By Francesca Dunlop
efore the pandemic, I thought I was an introvert. I was a self-professed ‘shy person’, prone to minor anxiety attacks in the toilets of any social event; I was all too familiar with the vaguely condescending “you’re so sweet”, whenever a stranger or acquaintance would struggle to describe me. This, I accepted with said ‘sweet’ smile and pink cheeks, making some self-effacing comment that meant that really, I was just overwhelmed and wanted to go home.
But that was before. Now, after months of isolation, and years of things being ‘not quite as they were’, I no longer think of myself as an introvert, but rather, as someone who once used ‘introversion’ as a crutch to help me over the hurdle of what can only be described as low self-esteem and extreme social anxiety.
I’m not sure the last few years have done me much good. I will say, though, that everything looks different when you look at things, well, differently – for one thing, I feel much more comfortable trusting others with my thoughts and emotions, particularly when it comes to loneliness and anxiety.
"How does one reconcile their introverted tendencies with the human need for social interaction, without getting overwhelmed?"
For a lot of people, the pandemic demanded that we look at ourselves, our lives ‘before’, and what we hoped the future might be. What I saw in myself was someone who was intensely lonely; someone who had isolated herself for fear of what it might mean to meaningfully connect with others, and someone who was afraid of being rejected by people she admired. Boring, I know.
What I realised most was that I had felt ashamed of how I had been feeling – everywhere I looked, online, at university, or in London’s busy streets, I saw a togetherness that I wasn’t experiencing, alone in my self-made isolation. The irony is, surrounded by people I felt more alone than I ever had before – something which I know now to be more common than I ever imagined at the time.
The pandemic was, in many ways, the great teacher of isolation – of what it means to be alone in ways we never had been before, to feel lonely, and the meaning we give to connection with others. Extroverts were forced to explore other sides of their personality, to walk in the shoes of their more introverted friends. But for introverts – what did we gain?
It seems that returning to ‘normal’ after lockdown has only confirmed that the world is overwhelming, sometimes scary, and often difficult to navigate. Whilst Telstra’s 2021 Talking Loneliness report may have found Gen-Z to be society’s loneliest and most anxious generation, loneliness has settled on living room sofas all across the country, no matter your age.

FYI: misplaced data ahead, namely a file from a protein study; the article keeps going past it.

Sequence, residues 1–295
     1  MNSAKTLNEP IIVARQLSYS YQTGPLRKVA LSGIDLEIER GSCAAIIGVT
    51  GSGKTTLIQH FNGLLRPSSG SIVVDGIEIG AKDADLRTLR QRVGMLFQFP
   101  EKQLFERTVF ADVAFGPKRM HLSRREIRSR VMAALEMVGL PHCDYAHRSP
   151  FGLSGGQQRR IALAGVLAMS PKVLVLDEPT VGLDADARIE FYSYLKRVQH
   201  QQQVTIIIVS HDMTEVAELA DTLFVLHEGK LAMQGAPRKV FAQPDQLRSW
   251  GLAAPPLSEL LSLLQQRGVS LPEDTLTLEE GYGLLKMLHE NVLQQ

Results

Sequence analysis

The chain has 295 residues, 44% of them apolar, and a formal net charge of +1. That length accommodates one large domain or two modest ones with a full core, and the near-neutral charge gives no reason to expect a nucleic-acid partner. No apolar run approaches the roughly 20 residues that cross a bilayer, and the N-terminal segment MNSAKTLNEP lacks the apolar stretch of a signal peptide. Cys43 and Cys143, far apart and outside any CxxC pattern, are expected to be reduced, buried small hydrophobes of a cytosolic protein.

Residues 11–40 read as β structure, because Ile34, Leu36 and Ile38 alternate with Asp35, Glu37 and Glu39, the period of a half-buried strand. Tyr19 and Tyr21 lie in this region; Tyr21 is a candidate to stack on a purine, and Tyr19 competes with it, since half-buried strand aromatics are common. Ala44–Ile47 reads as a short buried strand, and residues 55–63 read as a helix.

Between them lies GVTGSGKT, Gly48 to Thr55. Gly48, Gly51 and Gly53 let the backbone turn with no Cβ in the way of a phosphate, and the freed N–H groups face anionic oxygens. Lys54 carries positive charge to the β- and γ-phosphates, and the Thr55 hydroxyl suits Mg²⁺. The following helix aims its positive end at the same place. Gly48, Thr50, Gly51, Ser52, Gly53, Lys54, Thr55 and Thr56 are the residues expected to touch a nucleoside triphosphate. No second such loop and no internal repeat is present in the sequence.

During the depths of lockdown, there was some comfort in knowing that you weren’t the only one – at least, there was in the time before Tory garden parties, illicit affairs, and the infamous trips to the opticians. Now, there is once again only the acute awareness that the space between you and the person avoiding eye contact with you on the tube is infinitely bigger than the eye can see.
" I no longer think of myself as an introvert, but rather, as someone who once used ‘introversion’ as a crutch."
Adopting an outward-facing disposition, then, might be the way to go, which begs the question: how does one reconcile their introverted tendencies with the human need for social interaction, without getting overwhelmed?
For me, the answer is something between a teeth-gritted just-get-on-with-it and a show of vulnerability, an admission that, maybe, everything doesn’t quite feel okay. As we approach our first restriction-free Summer, maybe I no longer have to be so afraid that the Hinge date sat across from me might, in fact, be completely alien.
Maybe I can simply enjoy having company, or even venture to feel excitement at the possibility of something new – if not as a show of good faith, then as a balm for that incurable sense of isolation, we have all felt at least once in our lives.
"Everywhere I looked, online, at university, or in London’s busy streets, I saw a togetherness that I wasn’t experiencing, alone in my self-made isolation."
That, perhaps, is the crux of it – that the stigma and sense of shame surrounding feelings of loneliness is the very thing that keeps you there, alone in your self-made isolation. Most people are unlikely to tell someone when they’re feeling lonely, or that they’re struggling with their mental health.
We trade the discomfort of vulnerability for the familiarity of loneliness. That way, we don’t have to face the possibility of being misunderstood. With perspective, I’ve found that people are infinitely more understanding than I’d ever given them credit for; and that, maybe, the distance between you and the stranger on the tube isn’t so big after all.
Francesca Dunlop talks about navigating loneliness in a post-lockdown world
By Francesca Dunlop
The ‘Pure O’ or ‘purely obsessional’ type of OCD is characterised by distressing, intrusive thoughts and mental rituals to cope with them. Rae Elliman shares her experience of living with – and learning to manage – these hidden compulsions